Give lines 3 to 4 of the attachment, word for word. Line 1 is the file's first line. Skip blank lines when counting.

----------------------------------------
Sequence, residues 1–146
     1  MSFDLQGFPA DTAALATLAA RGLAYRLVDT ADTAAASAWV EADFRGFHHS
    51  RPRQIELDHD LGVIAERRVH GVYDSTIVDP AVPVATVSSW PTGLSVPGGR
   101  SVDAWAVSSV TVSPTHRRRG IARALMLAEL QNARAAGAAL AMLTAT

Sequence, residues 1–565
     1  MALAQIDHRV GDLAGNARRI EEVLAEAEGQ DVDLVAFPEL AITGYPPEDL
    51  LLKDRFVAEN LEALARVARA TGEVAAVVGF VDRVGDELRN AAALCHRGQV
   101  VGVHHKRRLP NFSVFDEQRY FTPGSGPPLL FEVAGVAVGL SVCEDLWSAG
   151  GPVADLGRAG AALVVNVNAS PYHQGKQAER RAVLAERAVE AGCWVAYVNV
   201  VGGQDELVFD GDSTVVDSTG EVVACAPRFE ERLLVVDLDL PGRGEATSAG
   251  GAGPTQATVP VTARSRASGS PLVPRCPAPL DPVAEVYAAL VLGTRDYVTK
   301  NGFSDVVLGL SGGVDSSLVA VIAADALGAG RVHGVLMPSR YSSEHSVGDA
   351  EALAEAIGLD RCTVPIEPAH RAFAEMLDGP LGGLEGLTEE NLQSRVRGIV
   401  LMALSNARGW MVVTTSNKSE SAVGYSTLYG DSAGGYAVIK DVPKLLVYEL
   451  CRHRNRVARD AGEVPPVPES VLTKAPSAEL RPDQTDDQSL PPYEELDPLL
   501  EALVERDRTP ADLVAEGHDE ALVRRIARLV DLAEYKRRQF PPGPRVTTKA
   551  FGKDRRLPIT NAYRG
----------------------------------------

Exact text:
    51  RPRQIELDHD LGVIAERRVH GVYDSTIVDP AVPVATVSSW PTGLSVPGGR
   101  SVDAWAVSSV TVSPTHRRRG IARALMLAEL QNARAAGAAL AMLTAT